Thursday, August 28, 2014
Emerging Markets Revisited
Here's a short piece I wrote for a financial executives professional group on emerging markets. Since I did quite a bit of research beyond this, you'll see more on this topic in the coming weeks. Incidentally, there has been a problem with hijackers taking control of the referring website function for this blog. It has been reported to Google, so we'll see where this goes.
Emerging market equities (“EME”) belong in an investor’s broadly diversified portfolio because they offer higher prospective returns albeit with higher expected volatility. Going forward, we believe that a selective approach to ownership, meaning active management, may be superior to one hewing closely to a broad, EM index.
The economic case for EME centers on several themes: higher GDP growth rates; younger populations; increasing investment and efficiencies from infrastructure development; maturing financial services companies; export growth, and growing middle class discretionary spending. Ruchir Sharma, Head of EM at Morgan Stanley, makes this case well in a readable book.
In order to translate these into growth in corporate earnings and portfolio returns, investors need: political stability, strong respect for property rights, effective dispute resolution, a predictable regulatory and tax regime, a positive foreign investment climate, efficient markets, strong corporate governance, reliable corporate auditing and financial reporting, ethical managements, transparent corporate structures, and economies balanced between exports and internal consumption. Divining the strengths and weaknesses of an EM in these areas can only be done by active management, with experience in the markets, boots on the ground and a disciplined investment process.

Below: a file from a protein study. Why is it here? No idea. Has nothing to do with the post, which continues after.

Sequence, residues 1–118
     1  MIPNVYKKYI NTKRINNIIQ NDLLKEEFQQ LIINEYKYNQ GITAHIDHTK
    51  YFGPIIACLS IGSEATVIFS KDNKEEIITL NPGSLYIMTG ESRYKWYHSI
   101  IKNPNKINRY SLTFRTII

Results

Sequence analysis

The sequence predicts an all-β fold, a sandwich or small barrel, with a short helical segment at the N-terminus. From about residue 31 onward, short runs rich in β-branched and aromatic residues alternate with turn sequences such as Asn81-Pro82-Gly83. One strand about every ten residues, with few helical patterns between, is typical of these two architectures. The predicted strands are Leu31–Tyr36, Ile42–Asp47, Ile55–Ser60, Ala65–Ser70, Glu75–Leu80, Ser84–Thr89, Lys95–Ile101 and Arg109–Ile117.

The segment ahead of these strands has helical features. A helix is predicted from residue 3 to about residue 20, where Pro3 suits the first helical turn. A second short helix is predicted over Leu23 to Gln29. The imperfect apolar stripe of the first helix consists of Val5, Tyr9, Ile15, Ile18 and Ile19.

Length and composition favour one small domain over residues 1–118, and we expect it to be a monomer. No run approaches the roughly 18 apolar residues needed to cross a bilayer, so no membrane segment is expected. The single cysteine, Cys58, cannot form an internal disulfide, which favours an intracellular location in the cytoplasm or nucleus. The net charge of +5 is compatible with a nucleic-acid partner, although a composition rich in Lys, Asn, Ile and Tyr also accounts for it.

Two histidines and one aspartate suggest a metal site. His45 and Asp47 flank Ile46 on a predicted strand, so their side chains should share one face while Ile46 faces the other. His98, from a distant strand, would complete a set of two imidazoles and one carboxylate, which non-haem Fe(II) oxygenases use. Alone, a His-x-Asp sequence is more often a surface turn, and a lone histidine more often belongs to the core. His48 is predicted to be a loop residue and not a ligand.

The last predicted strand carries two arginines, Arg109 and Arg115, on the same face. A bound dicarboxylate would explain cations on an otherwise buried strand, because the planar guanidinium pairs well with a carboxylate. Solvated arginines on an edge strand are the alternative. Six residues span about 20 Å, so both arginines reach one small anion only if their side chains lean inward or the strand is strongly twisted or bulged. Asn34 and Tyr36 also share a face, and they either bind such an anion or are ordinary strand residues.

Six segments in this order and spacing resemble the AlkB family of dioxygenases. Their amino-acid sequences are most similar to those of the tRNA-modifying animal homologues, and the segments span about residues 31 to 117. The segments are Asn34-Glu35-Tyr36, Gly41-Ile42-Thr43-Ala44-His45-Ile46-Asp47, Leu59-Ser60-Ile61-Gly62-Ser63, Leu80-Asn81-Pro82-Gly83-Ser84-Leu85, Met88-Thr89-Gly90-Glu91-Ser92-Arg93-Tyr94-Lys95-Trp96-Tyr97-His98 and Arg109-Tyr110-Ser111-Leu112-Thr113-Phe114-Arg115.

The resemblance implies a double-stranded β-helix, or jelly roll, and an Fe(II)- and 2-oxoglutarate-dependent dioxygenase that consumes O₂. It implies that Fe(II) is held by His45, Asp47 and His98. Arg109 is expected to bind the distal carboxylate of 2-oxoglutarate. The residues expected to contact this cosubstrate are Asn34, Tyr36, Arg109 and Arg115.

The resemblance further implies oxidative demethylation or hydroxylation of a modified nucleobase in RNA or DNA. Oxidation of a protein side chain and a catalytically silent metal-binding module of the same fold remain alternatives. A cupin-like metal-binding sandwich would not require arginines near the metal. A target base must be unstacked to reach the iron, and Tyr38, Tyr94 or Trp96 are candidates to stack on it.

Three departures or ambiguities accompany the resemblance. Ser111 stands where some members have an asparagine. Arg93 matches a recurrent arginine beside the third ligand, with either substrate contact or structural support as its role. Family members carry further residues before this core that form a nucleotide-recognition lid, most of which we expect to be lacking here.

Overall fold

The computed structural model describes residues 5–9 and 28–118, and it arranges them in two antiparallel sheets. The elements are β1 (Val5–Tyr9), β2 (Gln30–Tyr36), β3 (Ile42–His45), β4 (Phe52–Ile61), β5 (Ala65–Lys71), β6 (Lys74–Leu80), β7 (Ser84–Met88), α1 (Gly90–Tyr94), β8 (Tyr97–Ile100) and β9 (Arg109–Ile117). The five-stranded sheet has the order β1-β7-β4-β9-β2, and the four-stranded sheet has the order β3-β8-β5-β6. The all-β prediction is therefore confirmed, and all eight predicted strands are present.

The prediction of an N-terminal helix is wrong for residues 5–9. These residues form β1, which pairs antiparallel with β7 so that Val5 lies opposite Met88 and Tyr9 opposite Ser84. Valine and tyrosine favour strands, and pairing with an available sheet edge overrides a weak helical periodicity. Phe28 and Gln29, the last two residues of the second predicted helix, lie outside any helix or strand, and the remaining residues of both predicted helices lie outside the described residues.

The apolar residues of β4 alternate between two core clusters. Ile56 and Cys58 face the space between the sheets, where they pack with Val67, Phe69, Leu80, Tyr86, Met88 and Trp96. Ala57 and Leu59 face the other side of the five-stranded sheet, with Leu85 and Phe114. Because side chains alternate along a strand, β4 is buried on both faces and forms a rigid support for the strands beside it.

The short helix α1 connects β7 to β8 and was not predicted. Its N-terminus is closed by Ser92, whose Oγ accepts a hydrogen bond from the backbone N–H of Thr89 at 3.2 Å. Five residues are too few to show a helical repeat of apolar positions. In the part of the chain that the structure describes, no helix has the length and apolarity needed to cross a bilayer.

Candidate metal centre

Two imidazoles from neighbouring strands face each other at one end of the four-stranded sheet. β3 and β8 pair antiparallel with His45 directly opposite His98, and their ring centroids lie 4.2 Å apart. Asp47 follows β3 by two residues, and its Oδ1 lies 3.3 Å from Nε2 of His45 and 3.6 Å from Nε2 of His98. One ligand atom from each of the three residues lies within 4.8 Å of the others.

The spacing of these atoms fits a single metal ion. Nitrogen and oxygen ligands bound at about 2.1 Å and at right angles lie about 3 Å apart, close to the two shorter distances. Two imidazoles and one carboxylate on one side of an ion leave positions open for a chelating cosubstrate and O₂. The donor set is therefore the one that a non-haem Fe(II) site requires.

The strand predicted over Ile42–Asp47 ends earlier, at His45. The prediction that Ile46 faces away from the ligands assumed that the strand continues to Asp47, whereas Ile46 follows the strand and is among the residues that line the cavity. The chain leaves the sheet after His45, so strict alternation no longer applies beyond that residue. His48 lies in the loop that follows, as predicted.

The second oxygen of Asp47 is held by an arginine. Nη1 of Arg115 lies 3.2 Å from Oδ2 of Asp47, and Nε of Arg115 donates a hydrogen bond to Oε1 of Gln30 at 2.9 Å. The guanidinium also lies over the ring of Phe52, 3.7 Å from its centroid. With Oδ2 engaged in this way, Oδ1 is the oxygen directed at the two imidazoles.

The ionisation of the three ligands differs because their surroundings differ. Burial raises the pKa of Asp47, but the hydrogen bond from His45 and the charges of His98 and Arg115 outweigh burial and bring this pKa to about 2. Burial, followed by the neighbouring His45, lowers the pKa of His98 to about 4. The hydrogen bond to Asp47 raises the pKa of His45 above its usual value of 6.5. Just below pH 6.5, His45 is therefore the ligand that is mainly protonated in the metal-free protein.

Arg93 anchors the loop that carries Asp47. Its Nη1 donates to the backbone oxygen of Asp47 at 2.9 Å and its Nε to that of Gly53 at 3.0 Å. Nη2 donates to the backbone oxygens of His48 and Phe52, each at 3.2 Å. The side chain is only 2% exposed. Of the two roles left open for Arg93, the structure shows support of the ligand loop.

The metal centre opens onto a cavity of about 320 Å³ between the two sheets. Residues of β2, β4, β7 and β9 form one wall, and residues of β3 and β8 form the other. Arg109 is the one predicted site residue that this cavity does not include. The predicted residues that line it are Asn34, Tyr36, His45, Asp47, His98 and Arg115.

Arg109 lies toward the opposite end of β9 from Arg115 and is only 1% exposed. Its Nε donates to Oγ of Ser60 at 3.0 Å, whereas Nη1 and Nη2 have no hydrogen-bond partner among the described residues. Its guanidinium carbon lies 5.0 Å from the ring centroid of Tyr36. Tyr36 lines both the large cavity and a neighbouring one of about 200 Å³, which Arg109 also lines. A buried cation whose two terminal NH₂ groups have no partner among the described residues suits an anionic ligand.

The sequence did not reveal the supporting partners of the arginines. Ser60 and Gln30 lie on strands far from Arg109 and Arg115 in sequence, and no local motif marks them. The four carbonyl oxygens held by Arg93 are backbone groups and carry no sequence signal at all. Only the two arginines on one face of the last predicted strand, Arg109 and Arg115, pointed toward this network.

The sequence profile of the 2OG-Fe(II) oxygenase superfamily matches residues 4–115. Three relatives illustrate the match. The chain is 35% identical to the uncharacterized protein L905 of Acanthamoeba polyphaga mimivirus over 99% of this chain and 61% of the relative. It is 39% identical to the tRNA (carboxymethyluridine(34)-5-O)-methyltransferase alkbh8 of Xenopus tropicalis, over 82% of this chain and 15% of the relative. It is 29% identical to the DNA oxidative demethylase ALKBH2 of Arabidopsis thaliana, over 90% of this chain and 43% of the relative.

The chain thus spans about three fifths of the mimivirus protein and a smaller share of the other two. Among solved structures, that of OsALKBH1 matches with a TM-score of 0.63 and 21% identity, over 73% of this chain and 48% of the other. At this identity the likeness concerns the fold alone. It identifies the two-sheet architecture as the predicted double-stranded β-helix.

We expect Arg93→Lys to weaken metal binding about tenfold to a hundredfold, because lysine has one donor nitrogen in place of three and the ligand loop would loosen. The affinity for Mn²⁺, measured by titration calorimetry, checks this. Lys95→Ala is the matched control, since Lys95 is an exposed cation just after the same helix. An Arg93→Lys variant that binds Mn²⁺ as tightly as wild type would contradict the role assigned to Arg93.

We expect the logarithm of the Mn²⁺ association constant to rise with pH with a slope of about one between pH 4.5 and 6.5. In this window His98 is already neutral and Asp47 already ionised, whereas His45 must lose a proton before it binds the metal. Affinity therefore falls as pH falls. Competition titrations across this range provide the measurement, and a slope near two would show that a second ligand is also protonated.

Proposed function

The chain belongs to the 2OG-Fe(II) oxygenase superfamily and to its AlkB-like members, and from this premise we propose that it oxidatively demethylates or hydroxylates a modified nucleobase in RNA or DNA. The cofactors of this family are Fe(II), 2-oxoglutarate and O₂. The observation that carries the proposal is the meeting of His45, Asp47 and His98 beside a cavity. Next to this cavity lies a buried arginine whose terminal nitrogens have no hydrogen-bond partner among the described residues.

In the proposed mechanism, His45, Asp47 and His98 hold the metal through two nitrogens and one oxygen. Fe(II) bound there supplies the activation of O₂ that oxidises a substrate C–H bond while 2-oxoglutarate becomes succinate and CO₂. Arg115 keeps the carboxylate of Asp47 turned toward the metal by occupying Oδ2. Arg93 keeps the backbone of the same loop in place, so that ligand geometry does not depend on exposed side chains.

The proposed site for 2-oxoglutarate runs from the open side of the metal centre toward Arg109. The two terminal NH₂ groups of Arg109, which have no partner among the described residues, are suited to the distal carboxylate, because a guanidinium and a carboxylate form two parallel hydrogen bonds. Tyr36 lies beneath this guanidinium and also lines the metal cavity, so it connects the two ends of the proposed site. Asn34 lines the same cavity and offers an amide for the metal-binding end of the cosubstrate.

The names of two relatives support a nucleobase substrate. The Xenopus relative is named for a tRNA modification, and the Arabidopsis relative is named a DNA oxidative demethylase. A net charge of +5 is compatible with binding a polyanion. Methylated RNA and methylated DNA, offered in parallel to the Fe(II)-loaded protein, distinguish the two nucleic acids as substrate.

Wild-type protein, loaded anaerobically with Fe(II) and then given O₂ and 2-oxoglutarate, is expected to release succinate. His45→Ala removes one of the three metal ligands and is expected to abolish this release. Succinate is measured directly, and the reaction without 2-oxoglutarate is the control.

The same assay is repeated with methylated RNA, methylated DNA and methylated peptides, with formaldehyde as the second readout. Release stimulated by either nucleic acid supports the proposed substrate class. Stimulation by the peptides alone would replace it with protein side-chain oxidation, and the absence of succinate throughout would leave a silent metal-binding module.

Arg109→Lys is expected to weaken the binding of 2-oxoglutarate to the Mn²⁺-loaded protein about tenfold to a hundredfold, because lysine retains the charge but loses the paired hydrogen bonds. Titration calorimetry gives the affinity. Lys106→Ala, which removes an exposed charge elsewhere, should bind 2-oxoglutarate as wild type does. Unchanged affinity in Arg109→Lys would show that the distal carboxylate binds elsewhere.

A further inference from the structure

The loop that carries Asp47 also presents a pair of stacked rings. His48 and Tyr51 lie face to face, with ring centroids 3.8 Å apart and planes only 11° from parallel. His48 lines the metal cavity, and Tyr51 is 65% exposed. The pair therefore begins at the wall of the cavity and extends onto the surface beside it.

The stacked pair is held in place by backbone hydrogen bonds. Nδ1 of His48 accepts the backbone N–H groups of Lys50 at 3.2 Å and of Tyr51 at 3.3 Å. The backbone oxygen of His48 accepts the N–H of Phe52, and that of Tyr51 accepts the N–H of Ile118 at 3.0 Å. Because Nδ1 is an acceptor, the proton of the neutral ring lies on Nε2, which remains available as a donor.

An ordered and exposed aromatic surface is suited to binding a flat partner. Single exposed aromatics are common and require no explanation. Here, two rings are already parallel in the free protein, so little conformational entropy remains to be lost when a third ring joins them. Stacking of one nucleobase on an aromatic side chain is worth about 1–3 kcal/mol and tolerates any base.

From 2000-2010, the annualized return on the MSCI Emerging Markets Index was 10.9% vs. 1.3% for the MSCI World Index of developed markets. Since then, performance across the MSCI index universe of 21 EM and 24 frontier markets has been uneven and disappointing, with volatilities up to 50% higher than developed markets, and high correlations. In recent times, it has mattered greatly what an investor owned and didn’t own.
What went wrong? What can investors do moving forward with their EME sleeves of their portfolio?
Some EM countries like Brazil and Russia are heavily tied to commodity exports, from oil and gas to soybeans and minerals. In the case of Russia, demographics aren’t favorable, and political issues don’t point to stability going forward. China’s planners are working hard to swing their export juggernaut more towards producing for domestic consumption. This requires more access for multinationals, but they are coming under scrutiny for breaking price regulations, which serve as a form of non-tariff barrier to growth.
A CFA Institute paper suggests that historical exposure to India and South Africa, while excluding Russia and Brazilian holdings, can generate incremental portfolio return and perhaps reduce overall portfolio risk. Selectivity in EM portfolio structuring seems to be better for portfolio risk management.
Indian equities, according to Morgan Stanley, are up 33% YTD (7/31) compared to the diversified EM index up only 8%. This market offers rising middle class consumption, a growing financial services sector and a relatively balanced economy, among other attributes. On traditional portfolio metrics, EM markets are not cheap, but investors must make their decisions on a longer-term horizon in order to reap their expected returns. Morgan Stanley’s Lisa Shalett writes that Mexico offers similarly attractive features in the current environment. Taking a long view, a selective EM portfolio, with the right countries and some more small and midcap exposure, will probably yield superior returns to broad indexing.